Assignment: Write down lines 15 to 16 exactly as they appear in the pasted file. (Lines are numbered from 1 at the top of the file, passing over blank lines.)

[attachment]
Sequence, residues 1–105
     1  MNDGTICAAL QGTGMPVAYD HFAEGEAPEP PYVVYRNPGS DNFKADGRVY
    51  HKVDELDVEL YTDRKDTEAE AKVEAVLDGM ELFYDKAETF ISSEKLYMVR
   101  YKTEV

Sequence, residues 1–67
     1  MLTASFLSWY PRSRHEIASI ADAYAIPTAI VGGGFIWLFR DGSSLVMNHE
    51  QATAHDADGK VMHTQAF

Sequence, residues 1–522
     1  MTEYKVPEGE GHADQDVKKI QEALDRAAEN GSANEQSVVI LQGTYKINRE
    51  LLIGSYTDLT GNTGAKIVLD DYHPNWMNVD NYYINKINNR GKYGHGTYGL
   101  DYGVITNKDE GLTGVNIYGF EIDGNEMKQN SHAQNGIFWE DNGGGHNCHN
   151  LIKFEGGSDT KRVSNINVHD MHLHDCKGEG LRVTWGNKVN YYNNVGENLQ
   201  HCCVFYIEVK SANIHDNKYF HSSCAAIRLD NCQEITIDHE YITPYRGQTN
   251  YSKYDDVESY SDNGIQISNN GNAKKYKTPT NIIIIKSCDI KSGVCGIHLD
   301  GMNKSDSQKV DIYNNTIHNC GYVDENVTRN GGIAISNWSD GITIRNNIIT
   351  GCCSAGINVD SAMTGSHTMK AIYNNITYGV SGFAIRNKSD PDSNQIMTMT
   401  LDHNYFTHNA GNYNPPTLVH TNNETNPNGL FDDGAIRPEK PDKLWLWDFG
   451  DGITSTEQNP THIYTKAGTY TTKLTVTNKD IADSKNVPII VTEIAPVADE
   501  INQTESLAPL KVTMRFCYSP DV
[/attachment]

   301  GMNKSDSQKV DIYNNTIHNC GYVDENVTRN GGIAISNWSD GITIRNNIIT
   351  GCCSAGINVD SAMTGSHTMK AIYNNITYGV SGFAIRNKSD PDSNQIMTMT